Pages tagged "water"
February 14, 2023
The Murray Darling Basin Authority has released a six-monthly report card on the progress of the Murray Darling Basin Plan, highlighting yet again that when it comes to the Basin Plan, NSW continues to have the hand brake on.
The law requires all Water Resource Plans to have been approved by July 2019, yet NSW have only today resubmitted the critical documents. It is yet to be seen if these overdue NSW Water Resource Plans are sound enough to be accredited.
Nature Conservation Council (NCC) Chief Executive Officer Jacqui Mumford says NSW had since 2012 to get twenty Water Resource Plans written by the 2019 deadline, but has dragged its feet while still taking the lion’s share of water from the Basin.
“We’ve seen successive NSW Coalition Water Ministers duck and weave, avoiding their responsibilities to the rivers of the Murray Darling Basin, and are now almost four years late with their homework," said Ms Mumford.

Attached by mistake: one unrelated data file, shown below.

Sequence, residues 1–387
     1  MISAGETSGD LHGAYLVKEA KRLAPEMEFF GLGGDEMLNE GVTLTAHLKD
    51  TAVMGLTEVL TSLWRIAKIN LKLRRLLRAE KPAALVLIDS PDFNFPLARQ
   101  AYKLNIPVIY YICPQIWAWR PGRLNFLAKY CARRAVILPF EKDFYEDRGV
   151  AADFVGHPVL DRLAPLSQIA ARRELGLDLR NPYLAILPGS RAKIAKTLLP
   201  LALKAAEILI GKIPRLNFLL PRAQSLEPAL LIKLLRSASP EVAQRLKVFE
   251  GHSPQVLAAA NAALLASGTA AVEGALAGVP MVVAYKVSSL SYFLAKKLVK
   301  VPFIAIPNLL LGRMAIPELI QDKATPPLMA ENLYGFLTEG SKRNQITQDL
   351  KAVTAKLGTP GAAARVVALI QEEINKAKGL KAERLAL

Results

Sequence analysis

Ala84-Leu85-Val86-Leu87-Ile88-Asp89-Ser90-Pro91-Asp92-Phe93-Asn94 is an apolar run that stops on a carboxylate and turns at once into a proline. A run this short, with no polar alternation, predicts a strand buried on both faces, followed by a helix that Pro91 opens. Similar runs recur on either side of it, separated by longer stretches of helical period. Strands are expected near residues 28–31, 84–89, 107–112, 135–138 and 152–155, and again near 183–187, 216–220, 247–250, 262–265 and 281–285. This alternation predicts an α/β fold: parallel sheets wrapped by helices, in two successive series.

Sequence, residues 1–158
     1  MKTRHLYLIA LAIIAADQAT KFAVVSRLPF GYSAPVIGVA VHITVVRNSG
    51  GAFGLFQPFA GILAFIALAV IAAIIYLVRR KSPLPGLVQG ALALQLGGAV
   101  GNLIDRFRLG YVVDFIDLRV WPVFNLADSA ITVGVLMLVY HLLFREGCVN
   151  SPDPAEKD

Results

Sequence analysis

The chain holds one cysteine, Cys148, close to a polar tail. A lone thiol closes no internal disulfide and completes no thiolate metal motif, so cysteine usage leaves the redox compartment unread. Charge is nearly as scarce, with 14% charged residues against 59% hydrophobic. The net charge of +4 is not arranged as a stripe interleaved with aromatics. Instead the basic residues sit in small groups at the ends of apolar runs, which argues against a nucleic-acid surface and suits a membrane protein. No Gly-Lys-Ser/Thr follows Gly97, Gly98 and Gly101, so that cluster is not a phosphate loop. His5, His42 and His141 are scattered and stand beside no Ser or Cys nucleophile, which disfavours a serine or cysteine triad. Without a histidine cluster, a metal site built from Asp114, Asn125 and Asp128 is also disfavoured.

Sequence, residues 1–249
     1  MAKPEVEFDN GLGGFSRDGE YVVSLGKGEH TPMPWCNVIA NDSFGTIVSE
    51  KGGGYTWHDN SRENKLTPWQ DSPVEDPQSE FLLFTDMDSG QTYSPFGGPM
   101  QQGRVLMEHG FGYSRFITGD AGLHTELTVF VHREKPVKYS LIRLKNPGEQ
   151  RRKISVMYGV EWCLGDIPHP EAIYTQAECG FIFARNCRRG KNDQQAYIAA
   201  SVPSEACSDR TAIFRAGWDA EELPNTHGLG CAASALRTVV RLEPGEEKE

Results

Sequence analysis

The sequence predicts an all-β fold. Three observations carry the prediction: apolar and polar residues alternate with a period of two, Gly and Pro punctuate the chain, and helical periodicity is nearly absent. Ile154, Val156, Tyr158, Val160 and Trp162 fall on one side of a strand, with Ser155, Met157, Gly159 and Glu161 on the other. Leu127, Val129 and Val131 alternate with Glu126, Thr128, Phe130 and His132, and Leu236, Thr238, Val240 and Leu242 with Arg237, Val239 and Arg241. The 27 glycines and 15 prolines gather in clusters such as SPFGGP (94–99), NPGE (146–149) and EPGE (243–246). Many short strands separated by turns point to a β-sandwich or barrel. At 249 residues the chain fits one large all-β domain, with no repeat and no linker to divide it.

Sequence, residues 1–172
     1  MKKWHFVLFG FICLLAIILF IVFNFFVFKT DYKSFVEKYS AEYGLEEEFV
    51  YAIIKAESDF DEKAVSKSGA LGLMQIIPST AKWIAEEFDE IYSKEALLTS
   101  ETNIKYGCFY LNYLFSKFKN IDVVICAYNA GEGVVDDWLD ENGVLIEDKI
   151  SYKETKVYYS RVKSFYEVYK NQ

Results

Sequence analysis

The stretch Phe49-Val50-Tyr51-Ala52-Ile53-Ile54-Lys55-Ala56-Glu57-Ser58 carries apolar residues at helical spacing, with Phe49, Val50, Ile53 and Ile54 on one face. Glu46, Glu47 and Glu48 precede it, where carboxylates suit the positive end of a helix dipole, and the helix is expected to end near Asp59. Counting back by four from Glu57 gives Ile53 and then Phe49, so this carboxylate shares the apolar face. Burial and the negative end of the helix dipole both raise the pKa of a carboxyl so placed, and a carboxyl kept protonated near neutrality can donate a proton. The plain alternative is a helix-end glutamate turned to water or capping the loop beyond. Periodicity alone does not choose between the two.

“For almost four years, there has been no way for the Commonwealth to determine if water extraction in NSW is over the legal limits.
“NSW has the biggest contribution to make to the implementation of the Murray Darling Basin Plan, because we’ve been the biggest water users. The enormous wealth created for a privileged few by excessive water take has come at huge cost to First Nations communities and the environment.
“The balance between industry and the environment when it comes to water sharing has been heavily skewed to favor industry for over a hundred years. Clawing back some water for the health of the rivers under the Basin Plan still falls a long way short of that elusive concept of balance.” said Ms Mumford.